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9 - Liberalism and the Globalization of Ethics

Published online by Cambridge University Press:  03 September 2009

Chris Brown
Affiliation:
Professor of International Relations, London School of Economics
William M. Sullivan
Affiliation:
The Carnegie Foundation for the Advancement of Education
Will Kymlicka
Affiliation:
Queen's University, Ontario
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Summary

Introduction: Many Liberalisms

When the words ‘liberal’ and ‘liberalism’ entered the broad political discourse of Europe in the first quarter of the nineteenth century, it was as terms of abuse; the association was with libertinism – when Don Giovanni gives the toast ‘Viva la libertà’ in the Finale to Act I of Mozart's opera it seems unlikely he had any specifically political principle in mind. Soon, as is often the way, the terms came to be accepted by those who advocated a programme of personal freedom that encompassed civil and political rights for the individual instead of, or sometimes perhaps as well as, the liberation from conventional sexual mores toasted by the Don. This programme remains the core of the liberal conception of the world. In the helpful formulation of Will Kymlicka:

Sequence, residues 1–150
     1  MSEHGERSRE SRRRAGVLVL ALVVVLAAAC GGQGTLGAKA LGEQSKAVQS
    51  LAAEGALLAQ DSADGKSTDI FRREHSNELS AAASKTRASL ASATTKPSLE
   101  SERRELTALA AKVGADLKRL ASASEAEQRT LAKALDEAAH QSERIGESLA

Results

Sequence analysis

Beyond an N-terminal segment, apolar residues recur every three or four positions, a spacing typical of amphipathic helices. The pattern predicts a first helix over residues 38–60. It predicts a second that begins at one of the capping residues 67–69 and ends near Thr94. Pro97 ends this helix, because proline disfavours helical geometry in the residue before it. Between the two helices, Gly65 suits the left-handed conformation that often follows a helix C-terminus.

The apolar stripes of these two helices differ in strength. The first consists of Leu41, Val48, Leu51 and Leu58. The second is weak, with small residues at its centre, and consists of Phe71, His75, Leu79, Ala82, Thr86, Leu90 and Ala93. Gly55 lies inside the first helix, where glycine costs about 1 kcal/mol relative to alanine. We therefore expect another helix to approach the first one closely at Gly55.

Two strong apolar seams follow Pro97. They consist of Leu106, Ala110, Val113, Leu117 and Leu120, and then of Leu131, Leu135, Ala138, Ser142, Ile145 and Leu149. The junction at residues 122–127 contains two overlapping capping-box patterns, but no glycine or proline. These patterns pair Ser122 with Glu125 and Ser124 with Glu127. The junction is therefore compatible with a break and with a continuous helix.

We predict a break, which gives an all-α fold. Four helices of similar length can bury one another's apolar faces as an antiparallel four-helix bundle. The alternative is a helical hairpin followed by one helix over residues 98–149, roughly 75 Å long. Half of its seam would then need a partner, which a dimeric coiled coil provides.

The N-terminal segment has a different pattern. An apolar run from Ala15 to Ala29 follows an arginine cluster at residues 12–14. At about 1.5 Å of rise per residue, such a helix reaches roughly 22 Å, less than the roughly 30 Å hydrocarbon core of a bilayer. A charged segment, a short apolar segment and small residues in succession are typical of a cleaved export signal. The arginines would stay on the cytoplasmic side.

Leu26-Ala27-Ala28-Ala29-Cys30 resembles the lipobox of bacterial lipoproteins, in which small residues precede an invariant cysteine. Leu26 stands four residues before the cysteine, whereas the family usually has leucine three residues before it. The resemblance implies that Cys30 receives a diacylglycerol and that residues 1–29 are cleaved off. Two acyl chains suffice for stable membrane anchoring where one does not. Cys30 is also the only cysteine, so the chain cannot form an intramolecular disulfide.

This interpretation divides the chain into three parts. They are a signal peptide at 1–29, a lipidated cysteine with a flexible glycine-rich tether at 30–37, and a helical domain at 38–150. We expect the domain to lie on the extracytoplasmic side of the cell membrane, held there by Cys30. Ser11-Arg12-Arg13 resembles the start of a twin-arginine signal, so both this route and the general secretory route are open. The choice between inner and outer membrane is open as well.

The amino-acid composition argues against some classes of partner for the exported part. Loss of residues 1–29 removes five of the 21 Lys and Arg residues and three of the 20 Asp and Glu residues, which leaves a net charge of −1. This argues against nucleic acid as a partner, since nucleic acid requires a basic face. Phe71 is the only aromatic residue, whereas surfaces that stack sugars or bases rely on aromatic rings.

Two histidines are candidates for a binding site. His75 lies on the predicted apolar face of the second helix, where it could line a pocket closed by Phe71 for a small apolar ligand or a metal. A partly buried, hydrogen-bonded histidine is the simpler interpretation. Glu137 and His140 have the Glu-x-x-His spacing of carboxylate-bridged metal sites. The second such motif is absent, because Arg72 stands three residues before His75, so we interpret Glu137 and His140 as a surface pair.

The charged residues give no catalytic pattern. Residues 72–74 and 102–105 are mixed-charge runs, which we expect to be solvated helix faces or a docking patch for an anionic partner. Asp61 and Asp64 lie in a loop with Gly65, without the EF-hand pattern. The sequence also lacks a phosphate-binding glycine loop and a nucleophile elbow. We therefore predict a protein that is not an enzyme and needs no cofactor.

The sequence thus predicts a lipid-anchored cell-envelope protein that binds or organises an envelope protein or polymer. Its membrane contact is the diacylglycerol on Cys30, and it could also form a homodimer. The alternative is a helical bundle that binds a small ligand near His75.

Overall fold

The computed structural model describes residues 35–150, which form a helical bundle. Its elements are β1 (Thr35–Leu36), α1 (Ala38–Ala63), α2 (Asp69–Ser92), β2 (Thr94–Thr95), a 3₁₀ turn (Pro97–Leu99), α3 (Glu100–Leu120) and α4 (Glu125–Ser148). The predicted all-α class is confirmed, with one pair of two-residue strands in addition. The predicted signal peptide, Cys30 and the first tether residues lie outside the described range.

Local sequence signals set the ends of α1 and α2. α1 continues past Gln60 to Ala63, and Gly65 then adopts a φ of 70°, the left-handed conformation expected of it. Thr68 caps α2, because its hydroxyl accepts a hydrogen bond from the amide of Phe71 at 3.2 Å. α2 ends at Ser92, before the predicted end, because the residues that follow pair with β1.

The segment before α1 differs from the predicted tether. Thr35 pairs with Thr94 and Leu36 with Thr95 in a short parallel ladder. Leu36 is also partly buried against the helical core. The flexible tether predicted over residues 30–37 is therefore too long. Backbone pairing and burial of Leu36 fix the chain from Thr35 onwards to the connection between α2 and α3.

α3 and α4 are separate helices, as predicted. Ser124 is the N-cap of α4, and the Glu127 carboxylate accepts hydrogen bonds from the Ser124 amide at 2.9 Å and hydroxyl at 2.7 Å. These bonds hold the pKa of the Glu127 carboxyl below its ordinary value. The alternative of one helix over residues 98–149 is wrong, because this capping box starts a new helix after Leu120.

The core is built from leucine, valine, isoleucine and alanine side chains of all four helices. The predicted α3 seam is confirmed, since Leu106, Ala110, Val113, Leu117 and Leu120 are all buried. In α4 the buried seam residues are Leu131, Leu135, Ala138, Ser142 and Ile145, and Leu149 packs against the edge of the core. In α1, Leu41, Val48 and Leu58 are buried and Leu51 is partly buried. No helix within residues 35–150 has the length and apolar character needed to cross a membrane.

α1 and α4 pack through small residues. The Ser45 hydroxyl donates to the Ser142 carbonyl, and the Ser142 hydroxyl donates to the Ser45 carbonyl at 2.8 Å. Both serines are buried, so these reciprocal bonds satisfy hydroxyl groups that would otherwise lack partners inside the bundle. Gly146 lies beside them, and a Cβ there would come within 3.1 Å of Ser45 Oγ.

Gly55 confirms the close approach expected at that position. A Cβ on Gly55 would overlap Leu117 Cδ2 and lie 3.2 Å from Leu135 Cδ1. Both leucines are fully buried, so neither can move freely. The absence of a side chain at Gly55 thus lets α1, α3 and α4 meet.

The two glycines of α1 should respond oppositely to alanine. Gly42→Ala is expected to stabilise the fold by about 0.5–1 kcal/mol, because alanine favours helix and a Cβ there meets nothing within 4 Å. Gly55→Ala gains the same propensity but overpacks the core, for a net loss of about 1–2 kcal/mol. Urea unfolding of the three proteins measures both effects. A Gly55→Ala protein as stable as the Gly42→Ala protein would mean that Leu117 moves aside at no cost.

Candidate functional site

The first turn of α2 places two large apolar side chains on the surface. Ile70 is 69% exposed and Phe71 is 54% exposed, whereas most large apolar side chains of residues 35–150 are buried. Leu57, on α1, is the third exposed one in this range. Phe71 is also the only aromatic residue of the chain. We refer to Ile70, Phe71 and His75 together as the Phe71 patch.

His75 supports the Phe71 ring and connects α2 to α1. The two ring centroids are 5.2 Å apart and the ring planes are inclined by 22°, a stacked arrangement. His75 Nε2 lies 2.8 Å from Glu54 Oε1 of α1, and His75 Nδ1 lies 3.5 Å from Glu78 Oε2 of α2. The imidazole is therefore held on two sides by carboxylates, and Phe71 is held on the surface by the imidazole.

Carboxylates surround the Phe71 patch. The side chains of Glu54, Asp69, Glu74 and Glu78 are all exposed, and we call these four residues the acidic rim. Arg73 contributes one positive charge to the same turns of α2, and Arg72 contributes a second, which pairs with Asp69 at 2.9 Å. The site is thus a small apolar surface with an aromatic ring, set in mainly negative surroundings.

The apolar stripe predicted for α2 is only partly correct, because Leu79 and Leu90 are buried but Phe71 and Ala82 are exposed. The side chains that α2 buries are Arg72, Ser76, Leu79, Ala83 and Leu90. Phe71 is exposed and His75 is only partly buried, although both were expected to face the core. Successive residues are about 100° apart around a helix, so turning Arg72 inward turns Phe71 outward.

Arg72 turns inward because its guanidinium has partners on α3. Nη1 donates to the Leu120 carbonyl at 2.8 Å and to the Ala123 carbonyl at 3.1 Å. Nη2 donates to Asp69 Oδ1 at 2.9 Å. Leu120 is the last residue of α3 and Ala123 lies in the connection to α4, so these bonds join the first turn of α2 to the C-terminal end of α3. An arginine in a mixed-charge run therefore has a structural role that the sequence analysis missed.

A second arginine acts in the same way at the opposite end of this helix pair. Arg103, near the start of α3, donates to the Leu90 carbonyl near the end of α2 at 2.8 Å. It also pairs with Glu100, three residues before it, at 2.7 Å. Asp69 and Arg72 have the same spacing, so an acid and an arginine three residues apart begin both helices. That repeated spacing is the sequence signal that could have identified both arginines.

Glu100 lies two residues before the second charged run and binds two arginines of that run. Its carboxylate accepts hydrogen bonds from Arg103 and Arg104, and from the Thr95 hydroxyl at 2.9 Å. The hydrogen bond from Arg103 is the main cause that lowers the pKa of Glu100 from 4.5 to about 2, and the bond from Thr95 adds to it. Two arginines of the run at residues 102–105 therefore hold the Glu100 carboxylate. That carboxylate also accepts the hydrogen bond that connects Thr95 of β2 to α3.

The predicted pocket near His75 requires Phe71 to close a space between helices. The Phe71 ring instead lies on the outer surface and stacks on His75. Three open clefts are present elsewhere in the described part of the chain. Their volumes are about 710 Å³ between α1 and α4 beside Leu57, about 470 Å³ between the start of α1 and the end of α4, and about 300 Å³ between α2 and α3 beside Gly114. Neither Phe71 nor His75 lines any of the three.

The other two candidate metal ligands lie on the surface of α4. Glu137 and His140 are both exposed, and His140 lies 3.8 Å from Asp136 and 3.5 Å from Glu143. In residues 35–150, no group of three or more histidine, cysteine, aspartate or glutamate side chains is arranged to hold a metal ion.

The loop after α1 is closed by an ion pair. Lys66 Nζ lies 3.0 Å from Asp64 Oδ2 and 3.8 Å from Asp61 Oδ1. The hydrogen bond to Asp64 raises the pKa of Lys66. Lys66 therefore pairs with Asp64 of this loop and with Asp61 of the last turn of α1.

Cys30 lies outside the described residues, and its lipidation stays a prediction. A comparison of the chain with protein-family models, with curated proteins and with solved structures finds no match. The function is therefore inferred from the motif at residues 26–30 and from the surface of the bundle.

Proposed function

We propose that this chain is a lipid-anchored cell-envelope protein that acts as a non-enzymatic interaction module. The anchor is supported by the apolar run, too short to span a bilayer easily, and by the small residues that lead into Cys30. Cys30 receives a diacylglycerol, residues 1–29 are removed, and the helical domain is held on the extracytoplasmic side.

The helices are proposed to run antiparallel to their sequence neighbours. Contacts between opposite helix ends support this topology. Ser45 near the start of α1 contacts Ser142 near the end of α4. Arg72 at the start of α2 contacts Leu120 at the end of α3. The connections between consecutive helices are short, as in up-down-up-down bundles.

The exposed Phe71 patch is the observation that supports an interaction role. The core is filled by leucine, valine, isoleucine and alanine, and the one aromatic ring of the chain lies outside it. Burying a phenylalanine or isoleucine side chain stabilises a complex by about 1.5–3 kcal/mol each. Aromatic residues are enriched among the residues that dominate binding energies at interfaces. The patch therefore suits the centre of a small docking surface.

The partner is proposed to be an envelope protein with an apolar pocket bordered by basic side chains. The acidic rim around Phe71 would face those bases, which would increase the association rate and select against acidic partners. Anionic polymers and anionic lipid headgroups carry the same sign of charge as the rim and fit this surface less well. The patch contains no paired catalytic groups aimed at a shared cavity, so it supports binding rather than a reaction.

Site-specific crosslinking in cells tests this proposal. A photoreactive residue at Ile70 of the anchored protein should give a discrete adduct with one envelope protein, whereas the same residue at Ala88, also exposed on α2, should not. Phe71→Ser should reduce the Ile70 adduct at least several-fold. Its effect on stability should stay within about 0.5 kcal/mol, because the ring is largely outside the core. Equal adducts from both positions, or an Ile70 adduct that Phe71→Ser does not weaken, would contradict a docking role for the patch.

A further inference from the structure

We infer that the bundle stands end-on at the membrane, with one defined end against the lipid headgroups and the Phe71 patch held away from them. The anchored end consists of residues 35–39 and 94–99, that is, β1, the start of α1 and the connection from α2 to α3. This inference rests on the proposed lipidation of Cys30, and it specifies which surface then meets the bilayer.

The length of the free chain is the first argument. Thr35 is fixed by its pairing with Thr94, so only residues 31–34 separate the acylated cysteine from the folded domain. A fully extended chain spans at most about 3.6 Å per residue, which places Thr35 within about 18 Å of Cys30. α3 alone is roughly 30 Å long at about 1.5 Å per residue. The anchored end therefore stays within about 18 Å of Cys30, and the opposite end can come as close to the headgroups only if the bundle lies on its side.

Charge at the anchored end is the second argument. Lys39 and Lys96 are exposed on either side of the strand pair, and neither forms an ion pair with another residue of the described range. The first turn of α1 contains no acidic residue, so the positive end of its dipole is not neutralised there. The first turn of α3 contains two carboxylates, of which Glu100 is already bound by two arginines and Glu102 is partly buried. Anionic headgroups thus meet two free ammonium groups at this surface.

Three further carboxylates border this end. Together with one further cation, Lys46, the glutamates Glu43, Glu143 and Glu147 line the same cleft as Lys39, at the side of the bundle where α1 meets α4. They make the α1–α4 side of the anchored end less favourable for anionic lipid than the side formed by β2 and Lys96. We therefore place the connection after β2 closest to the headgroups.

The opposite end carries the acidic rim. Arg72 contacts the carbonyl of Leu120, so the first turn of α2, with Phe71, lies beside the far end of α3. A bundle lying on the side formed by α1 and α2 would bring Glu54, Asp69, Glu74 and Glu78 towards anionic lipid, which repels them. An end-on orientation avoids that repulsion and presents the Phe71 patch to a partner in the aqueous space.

Liberals demand a substantial realm of personal freedom – including freedom of conscience, speech, association, occupation, and, more recently, sexuality – which the state should not intrude upon except to protect others from harm.

In pursuit of this realm of personal freedom, liberals generally favour constitutional forms of government, the separation of powers and the rule of law, with representative, but not usually direct, democracy, and are broadly sceptical of accounts of politics that are based around the promotion of any particular conception of the Good (except that conception of the Good that involves not having an overriding conception of the Good).

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Chapter
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The Globalization of Ethics
Religious and Secular Perspectives
, pp. 151 - 170
Publisher: Cambridge University Press
Print publication year: 2007

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